evolve; the change comes with each offspring, each of which is a bit
    different than all other members of it's species.

    B. This definition, while quite true, is a bit misleading. It's like saying
    that chemistry is about the interactions of matter. That's also true, but
    it simplifies it to the point that it tells you almost nothing about it.

    C. New species and genera can evolve. (when a species sufficiently different
    evolves, it is placed in a different genus, or grouping of species).

    D. The above evolution is usually referred to as "microevolution" by
    creationists. They hypothesize that there is some kind of wall between
    "kinds". Science has been unable to demonstrate such a wall, and most
    scientists do not think that observed "microevolution" is in any way
    different than "macroevolution" that takes a longer time.

    E. Natural selection, although not the driving force behind all evolution,
    was the major discovery that explained why life diversified. It was
    co-discovered by Darwin and Wallace. Basicly, it works like this:

    We know every organism is somewhat different than either of its parents. We
    know that some of these differences make an organism more or less fit to
    survive long enough to leave offspring of its own. Those that make it less
    so, tend to be removed, and those that make it more so tend to be preserved
    and become increasingly common.

    "Fitness" has meaning only in the context of the environment. An organism
    that is very fit in one environment may be unable to survive in a different
    one. So very stable environments tend to have rather stable populations.
    Indeed, if an organism is well fitted to the environment,and the environment
    stays the same, natural selection will actually prevent evolution.

    Remember also, that natural selection only works to pick out those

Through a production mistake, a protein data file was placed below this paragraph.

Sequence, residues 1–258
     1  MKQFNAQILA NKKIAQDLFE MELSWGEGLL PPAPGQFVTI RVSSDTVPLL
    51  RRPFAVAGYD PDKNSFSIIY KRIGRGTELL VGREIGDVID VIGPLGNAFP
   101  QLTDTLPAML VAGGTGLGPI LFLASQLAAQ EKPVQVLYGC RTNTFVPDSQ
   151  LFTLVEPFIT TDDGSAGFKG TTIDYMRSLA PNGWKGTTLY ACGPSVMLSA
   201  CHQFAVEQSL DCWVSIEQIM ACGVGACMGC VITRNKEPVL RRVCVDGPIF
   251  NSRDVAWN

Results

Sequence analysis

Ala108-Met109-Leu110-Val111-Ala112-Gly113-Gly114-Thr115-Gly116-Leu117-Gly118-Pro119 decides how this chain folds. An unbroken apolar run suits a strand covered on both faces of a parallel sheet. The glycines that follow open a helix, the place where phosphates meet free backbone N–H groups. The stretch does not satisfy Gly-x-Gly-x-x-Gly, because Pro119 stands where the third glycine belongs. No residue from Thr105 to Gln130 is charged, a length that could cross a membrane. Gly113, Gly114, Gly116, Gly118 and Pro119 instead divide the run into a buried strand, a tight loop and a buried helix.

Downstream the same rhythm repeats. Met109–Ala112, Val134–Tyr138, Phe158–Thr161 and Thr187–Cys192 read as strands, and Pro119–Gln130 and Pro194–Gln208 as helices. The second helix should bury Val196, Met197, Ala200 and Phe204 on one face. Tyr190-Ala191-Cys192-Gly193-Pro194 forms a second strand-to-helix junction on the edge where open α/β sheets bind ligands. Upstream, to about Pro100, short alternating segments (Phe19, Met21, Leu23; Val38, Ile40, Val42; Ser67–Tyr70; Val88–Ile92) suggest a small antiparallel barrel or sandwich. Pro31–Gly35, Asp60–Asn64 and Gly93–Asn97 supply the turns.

individuals who can survive long enough to leave viable offspring. Nothing
    else counts. It doesn't necessarily involve and increase in complexity,
    "improvement", or other things. Just picks ones that live long enough to
    leave another generation.

    Speciation is the key to diversity. Speciation results in increasing
    inability for the diverging populations to interbreed. Some species can
    readily interbreed, but usually don't. Over time, as mutation and allele
    distributions make the species increasingly dissimilar, they eventually get
    to the point where no viable crosses are possible. Over time, they become
    more an more dissimilar, until they form new genera, families, orders,
    classes, and phyla.

    I won't go over the evidence for this here. It is abundant and
    well-documented. A good textbook that is neither too technical nor
    oversimplified is "Process and Pattern in Evolution" by Charlotte Avers. I
    would not suggest reading "Origin of Species" to start, as it is very
    technical, and full of detail that would be a little tough for a
    non-biologist.

    Then check out a book by a creationist. Compare and think about it.

    I hope this has been useful. Good luck in your investigation.

    [ March 02, 2002, 01:48 AM: Message edited by: Administrator ]
     
  5. Administrator2

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    RADIOCHEMIST

    Pearl,
    Without getting into an academic definition (and there are some)
    evolution is simply the change that takes place in plants and
    animals over long periods of time. We do not see any change
    in our lifetime, ordinarily, but the theory of evolution suggests
    that plants and animals do change over time. For instance, deer
    may become swifter, develop longer legs etc. This might be due to
    natural selection that eliminates deer that are not fast enough
    to escape wolves and other predators. Most creationists will agree
    that slight changes like this can take place. Where creationists
    and evolutionists disagree is whether an accumulation of such small
    changes can change a deer into something that is not recognizable
    as a deer. Linked to evolution is the idea of vast periods of time.
    Many creationists think that the earth is only a few thousand
    years old. This view runs smack into scientific evidence
    that the earth is several billion years old and therefore allows
    plenty of time for slow evolutionary changes to take place.
     
  6. Administrator2

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    JOE MEERT

    Pearl,

    You asked a good question and one I hope to answer. Evolution, simply
    defined, is change. In the realm of biological evolution, the definition is
    'change in genetic material through time'. It is something that is
    observable every single day. Unfortunately, this simple idea has been
    transformed to mean many different things to different people. Young-earth
    creationists accept evolution, but only up to a certain point. They would
    define 'evolution' as 'variation in genetic material'. They then place a
    limit (not ever clearly defined) on how much variation can take place within
    an organism. They are loathe to completely define the limits of evolution
    because it leads to some rather uncomfortable positions. For example, they